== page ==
Scotland just can't get Carter as All Blacks come dressed to kill
Scotland 22 New Zealand 51:Celtic may just have beaten Barcelona but a second Scottish sporting miracle inside a week was always going to be a stretch. New Zealand have not lost to their hosts in 107 years and that sequence never looked like ceasing on a mild Edinburgh afternoon illuminated by a brilliant performance from outhalf Dan Carter.
On this evidence the world champions will end 2012 triumphantly unbeaten and Carter will be the world’s best No10 for as long as he laces up his white boots. Scotland, admittedly, defended woefully at times but mistakes are inevitable when the point of attack switches as irresistibly as it did here. In the second quarter, in particular, the All Blacks’ passing was little short of mesmeric as Carter and friends scored three dagger-sharp tries in seven minutes to kill the game.
Scotland did at least collect their first tries against the All Blacks in seven years, with their Dutch-born wing Tim Visser touching down twice.
Offering Carter and the All Black midfield extra room is the rugby equivalent of giving Butch Cassidy and the Sundance Kid a few extra sticks of dynamite. It is now seven years since an unstoppable Carter took the Lions apart in Wellington with the definitive outhalf display of the modern era but age has not wearied him.
It was ironic, therefore, that Scotland’s opening try came directly from a Carter error, a casual pass going straight to a startled Matt Scott. The inside-centre would have struggled to make it himself but Visser is a born finisher and showed the cover a clean pair of orange-booted heels.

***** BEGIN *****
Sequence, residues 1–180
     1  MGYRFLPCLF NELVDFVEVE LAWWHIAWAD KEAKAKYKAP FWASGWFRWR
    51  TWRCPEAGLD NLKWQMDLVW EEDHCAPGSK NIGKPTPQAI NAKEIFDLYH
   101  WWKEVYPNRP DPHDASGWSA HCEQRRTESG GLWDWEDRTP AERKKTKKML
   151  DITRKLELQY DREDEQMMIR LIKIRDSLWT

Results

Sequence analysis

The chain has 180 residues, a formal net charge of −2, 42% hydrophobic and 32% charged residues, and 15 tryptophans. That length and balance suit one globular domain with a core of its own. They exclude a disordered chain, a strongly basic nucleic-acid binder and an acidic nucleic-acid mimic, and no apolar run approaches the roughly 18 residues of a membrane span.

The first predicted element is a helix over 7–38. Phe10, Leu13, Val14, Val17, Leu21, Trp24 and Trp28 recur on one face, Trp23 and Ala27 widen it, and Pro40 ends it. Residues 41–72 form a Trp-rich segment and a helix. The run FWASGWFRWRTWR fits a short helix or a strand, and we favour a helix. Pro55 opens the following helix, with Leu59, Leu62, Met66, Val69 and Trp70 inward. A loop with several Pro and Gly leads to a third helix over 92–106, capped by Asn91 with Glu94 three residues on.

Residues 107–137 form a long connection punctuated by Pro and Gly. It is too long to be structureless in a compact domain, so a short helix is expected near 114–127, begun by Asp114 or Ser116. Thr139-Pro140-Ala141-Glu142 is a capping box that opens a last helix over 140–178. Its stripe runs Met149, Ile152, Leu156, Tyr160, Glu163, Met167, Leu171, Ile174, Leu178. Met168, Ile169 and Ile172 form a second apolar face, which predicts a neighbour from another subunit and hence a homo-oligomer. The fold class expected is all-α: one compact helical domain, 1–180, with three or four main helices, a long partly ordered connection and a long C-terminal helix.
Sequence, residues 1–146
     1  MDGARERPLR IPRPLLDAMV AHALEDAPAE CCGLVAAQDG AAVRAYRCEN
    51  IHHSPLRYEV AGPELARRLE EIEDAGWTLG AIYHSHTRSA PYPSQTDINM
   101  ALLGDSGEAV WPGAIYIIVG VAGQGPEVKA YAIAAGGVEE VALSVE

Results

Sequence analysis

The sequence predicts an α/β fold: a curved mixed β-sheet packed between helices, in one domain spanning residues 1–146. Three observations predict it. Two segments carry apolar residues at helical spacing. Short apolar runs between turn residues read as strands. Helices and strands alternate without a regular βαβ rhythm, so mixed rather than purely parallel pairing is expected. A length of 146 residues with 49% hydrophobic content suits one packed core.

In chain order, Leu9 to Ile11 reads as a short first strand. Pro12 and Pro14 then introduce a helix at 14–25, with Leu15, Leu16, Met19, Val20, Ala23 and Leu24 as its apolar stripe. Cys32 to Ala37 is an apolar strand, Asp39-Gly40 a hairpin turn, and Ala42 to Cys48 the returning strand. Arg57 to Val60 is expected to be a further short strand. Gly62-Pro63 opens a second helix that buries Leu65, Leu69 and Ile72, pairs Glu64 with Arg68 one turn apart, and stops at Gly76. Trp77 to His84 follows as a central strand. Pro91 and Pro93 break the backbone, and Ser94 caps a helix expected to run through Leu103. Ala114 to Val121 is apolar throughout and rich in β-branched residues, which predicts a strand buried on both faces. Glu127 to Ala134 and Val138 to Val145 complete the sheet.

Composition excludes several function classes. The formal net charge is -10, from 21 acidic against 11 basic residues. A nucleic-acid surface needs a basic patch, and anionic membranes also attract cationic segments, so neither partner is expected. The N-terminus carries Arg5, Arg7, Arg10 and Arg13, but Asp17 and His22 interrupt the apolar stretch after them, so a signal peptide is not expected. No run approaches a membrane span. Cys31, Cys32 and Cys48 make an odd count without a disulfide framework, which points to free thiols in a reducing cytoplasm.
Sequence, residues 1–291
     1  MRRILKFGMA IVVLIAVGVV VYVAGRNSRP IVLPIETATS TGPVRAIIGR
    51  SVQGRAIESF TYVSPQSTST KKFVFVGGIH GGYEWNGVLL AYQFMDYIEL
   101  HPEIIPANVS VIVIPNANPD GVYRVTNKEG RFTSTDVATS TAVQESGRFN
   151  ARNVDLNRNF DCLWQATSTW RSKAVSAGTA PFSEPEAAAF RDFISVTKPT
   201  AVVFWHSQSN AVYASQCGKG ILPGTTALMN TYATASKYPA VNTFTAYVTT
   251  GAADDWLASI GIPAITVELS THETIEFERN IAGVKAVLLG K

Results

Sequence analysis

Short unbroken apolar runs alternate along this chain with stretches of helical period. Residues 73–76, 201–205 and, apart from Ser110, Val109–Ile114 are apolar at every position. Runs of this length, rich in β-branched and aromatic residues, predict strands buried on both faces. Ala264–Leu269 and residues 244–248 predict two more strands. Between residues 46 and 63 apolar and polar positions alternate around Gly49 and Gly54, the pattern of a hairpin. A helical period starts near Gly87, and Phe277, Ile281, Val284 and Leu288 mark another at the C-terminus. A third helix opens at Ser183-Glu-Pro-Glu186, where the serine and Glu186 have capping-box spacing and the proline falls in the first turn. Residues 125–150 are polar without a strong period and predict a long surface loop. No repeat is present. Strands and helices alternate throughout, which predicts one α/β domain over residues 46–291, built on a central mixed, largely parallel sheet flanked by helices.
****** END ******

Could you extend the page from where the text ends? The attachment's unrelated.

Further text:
It takes more than an isolated error of judgment, however, to ruffle Carter’s customary poise. Barely six minutes later the All Black playmaker could be found jinking deep into Scottish territory and cleverly putting the classy Israel Dagg over to balance his personal ledger. Good players do not dwell on their mistakes, great ones smoothly click up a couple of gears.
Even the departure of Dagg following a heavy fall failed to disrupt New Zealand to any lasting extent. It was easy to forget they are mixing and matching for the first half of this tour and were missing influential men like Kieran Read, Aaron Smith and Conrad Smith. It made no obvious difference once they began to build a bit of momentum, Julian Savea scored the first of his two tries and a sublime pass from the impressive Tamati Ellison helped work Cory Jane over in the right corner. When Andrew Hore crashed over shortly afterwards, New Zealand were 34-10 up and cruising.
The sin-binning of Adam Thomson briefly stemmed the flow of points, but Visser’s second, from a ruck turnover close to the New Zealand line, it proved a temporary blip. A deft Carter cross-kick in the 62nd minute fell neatly for Savea to score his second and Ben Smith added a sixth five minutes from the end. Carter finished with 21 points and the crowd left sensing they had witnessed something special.